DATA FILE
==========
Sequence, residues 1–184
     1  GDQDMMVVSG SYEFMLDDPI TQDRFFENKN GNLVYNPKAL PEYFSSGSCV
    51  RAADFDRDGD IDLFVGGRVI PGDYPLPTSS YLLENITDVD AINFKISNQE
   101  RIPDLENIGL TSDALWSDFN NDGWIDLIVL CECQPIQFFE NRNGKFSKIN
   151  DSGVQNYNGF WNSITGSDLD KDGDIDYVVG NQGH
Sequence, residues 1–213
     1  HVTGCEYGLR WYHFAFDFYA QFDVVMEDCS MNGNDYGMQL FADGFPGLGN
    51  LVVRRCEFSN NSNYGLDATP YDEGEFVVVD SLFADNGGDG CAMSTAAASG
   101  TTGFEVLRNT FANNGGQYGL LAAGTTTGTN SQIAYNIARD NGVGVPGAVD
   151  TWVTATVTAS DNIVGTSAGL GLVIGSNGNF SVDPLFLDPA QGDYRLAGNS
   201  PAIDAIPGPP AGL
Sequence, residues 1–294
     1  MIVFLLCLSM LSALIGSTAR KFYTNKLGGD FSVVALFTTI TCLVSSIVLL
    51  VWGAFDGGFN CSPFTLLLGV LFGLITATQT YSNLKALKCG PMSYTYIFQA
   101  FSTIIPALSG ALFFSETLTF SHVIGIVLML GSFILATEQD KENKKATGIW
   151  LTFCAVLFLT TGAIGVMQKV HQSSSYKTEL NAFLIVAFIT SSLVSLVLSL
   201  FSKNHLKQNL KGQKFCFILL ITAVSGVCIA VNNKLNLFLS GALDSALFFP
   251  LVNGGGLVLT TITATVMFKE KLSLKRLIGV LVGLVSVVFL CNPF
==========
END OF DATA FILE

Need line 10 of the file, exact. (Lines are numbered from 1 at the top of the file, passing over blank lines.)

   151  TWVTATVTAS DNIVGTSAGL GLVIGSNGNF SVDPLFLDPA QGDYRLAGNS